Naperville made national headlines during a scandalous divorce case in the spring of 1860. Local lawyers, including Robert Murray, participated in the month-long divorce trial of socialite Mary Burch, accused of adultery by her husband Isaac Burch, a prominent Chicago businessman. Mrs. Burch asked for the trial to be held in Naperville to discourage curious spectators. In the end, the jury found in favor of Mrs. Burch, and the townsfolk celebrated her victory with parties in the Pre-Emption House and other local hotels.
The sensational divorce case attracted newspaper reporters from all over the country, who traveled eight miles from the nearest railroad station to the DuPage County courthouse in Naperville. A reporter from the Chicago Tribune described the scene:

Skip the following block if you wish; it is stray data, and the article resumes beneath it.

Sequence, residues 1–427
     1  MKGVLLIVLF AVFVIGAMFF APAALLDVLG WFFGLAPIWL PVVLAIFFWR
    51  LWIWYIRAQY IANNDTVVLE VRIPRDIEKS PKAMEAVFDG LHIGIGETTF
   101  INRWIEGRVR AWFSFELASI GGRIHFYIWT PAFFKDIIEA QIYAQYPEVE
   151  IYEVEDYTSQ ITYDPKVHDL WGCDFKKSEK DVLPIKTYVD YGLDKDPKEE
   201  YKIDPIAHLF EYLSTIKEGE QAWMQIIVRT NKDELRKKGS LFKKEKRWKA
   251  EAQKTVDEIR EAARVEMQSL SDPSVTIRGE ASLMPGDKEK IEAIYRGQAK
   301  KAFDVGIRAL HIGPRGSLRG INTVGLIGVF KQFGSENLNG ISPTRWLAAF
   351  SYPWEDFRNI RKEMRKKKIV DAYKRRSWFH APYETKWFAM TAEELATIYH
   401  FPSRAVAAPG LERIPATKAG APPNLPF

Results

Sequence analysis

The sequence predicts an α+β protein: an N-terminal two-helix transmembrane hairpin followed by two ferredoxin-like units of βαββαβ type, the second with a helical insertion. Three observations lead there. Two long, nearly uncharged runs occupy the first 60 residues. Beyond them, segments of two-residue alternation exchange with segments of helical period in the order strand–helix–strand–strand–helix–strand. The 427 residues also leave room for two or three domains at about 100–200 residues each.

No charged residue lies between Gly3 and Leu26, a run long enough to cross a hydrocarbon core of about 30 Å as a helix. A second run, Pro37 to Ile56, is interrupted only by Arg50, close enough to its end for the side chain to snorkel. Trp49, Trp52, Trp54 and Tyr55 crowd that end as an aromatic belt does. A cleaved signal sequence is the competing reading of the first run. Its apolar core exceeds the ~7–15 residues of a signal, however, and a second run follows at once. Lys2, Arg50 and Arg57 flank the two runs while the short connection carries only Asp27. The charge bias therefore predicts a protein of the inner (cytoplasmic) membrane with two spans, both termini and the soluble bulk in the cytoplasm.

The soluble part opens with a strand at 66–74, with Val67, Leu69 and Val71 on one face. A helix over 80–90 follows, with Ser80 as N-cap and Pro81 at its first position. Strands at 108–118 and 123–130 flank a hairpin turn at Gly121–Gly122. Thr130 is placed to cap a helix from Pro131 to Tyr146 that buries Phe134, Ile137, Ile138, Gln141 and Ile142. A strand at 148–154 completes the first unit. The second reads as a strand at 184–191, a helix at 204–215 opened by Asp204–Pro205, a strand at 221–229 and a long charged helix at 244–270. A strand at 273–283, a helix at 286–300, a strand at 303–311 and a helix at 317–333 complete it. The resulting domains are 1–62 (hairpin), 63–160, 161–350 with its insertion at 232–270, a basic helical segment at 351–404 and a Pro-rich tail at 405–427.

“The people of DuPage apparently do not give their courts very lively support, being most of them well-to-do farmers, who vote for Lincoln and have too much to do to take a hand in court dockets, other than as Jurors. The sessions of the court usually occupy less than a week. But ’Court day’ in the county means something, and to-day is ‘that same’ here, as witness the busy streets and the attendance of many of the substantial men of old DuPage, who having reaped a large harvest of cereals… now feel themselves entitled to a day off, a dinner at the tavern, and the usual freedoms of the day, for to-day the Court opens.”